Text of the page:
Mitigation of machining damage on delamination of fiber reinforced composite tensile coupons
Brauning, Kevin Andrew
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The accurate development of material allowables is a fundamental aspect of any successful engineering design. Successful testing and development of material properties will lead to accurate analysis of a structure, and predictable behavior of the end design. However, in some cases (especially for laminated composite materials) the overall behavior of a structure cannot be predicted by small scale testing. One of the leading causes of this is that edge effects have a larger influence on small specimens, leading to under-prediction of overall material behavior. An experimental study was conducted to investigate the influence of machining induced surface damage, and the viability of multiple techniques to mitigate that damage in order to produce coupon specimen results that are more representative of the behavior of a bulk laminate. Coupon extraction was conducted utilizing a rotary diamond saw. Two edge treatments were tested (application of a commercially available cyano-acrolate adhesive, and a commercially available epoxy resin). A pair of laminates was tested; each was designed to be susceptible to delamination at a known position. Tensile testing showed that application of a cyano-acrolate edge treatment improves the performance of narrow 30 degree specimens by a margin of 11%. A statistically significant difference was not observed in 45 degree laminates, epoxy coated specimens, or wide specimens. There was a statistically significant performance difference between narrow and wide specimens, including edge treated specimens. A 6% performance gap remained between narrow cyanoacrolate coated specimens, when compared against wide specimens. This indicates that edge stresses are only partially mitigated by the edge treatment applied to the coupon.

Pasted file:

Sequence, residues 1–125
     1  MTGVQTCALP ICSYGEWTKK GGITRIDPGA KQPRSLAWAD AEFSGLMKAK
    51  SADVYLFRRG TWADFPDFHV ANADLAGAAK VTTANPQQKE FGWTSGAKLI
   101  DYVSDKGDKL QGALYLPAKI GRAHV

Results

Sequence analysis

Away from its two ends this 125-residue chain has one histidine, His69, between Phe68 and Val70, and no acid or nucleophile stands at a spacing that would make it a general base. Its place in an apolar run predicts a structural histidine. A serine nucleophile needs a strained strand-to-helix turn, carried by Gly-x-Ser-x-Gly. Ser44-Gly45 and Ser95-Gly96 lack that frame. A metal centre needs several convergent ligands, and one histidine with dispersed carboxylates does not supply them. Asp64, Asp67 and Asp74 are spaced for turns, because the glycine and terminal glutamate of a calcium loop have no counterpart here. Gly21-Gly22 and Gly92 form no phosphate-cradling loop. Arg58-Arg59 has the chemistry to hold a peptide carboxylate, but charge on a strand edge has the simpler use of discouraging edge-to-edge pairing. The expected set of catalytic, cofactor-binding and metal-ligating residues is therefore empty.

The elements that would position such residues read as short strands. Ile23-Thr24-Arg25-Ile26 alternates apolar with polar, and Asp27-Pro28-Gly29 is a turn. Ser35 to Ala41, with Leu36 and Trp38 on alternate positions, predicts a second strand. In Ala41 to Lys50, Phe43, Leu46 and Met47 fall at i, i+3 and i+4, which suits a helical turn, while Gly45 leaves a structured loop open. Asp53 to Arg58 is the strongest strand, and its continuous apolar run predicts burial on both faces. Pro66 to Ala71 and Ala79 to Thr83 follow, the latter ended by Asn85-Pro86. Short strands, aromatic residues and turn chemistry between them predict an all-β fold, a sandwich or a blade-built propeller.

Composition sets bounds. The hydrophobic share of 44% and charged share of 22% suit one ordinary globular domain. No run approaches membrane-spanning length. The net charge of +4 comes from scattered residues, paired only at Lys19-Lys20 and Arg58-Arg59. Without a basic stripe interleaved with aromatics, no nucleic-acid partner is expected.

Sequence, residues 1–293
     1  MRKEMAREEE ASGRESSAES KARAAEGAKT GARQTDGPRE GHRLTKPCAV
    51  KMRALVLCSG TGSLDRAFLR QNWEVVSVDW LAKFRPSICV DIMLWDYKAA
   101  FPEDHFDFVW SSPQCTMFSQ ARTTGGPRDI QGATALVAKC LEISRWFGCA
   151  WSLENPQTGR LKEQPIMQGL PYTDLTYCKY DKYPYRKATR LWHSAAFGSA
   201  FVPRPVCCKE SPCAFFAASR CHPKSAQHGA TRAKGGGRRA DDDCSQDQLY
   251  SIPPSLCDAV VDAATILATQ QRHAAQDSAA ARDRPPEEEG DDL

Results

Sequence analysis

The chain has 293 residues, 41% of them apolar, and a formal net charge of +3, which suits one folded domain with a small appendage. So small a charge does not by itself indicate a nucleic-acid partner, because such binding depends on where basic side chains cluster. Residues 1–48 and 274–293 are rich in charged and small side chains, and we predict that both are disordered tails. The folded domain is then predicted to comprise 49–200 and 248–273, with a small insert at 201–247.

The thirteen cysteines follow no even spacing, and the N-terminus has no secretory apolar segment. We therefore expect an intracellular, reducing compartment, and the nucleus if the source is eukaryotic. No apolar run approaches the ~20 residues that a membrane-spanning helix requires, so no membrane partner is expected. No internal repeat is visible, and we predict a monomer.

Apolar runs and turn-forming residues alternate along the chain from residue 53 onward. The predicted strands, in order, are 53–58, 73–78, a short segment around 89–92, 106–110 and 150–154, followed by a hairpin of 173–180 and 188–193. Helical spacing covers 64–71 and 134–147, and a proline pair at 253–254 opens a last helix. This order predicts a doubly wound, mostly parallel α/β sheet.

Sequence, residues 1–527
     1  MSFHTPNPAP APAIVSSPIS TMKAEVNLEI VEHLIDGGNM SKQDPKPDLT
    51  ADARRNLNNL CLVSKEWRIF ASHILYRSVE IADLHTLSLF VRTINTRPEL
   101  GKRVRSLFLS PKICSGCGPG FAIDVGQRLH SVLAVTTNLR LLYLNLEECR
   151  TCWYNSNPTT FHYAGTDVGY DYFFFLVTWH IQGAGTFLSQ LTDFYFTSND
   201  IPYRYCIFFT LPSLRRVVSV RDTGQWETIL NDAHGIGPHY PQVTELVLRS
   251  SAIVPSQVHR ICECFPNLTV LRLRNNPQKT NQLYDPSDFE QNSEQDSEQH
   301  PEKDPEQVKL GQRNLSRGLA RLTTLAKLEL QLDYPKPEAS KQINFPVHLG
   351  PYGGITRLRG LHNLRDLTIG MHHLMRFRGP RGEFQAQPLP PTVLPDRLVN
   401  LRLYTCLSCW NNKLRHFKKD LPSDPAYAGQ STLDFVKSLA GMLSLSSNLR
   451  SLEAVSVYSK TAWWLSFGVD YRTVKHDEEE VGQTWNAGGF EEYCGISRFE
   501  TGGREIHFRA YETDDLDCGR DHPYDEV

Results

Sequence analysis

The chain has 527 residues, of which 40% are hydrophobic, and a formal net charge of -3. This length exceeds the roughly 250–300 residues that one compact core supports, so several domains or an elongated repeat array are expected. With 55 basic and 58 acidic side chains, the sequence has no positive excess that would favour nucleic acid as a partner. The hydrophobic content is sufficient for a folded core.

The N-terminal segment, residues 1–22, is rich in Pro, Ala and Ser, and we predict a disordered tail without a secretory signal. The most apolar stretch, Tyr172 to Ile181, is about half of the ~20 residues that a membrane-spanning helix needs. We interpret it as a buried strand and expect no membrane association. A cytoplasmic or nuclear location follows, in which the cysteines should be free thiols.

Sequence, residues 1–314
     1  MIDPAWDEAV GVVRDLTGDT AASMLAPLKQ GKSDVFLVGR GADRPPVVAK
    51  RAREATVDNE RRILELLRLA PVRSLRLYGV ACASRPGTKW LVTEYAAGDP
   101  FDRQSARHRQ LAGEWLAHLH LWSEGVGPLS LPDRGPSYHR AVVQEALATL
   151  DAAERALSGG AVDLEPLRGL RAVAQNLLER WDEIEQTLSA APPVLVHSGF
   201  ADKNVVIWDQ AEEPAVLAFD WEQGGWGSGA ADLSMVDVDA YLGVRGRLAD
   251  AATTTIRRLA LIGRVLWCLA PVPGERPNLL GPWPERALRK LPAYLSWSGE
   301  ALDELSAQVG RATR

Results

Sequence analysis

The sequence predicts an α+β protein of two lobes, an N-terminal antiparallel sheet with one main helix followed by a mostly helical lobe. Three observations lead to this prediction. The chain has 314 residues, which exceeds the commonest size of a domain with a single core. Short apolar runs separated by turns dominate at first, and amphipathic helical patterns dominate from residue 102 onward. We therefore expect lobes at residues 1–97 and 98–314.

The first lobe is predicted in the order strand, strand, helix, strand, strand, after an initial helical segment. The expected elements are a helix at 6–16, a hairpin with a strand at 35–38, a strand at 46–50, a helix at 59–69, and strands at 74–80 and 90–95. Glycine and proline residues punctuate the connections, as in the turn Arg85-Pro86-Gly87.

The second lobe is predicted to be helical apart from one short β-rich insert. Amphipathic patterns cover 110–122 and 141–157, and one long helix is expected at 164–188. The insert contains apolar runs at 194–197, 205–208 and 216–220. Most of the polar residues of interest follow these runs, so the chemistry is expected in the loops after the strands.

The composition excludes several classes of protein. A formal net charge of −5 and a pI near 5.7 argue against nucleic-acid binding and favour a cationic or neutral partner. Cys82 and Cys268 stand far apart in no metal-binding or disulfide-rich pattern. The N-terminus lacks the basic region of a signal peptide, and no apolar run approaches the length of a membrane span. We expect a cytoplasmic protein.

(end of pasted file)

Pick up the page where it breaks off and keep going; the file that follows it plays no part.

Thesis (M.S.)--Wichita State University, College of Engineering, Dept. of Mechanical Engineering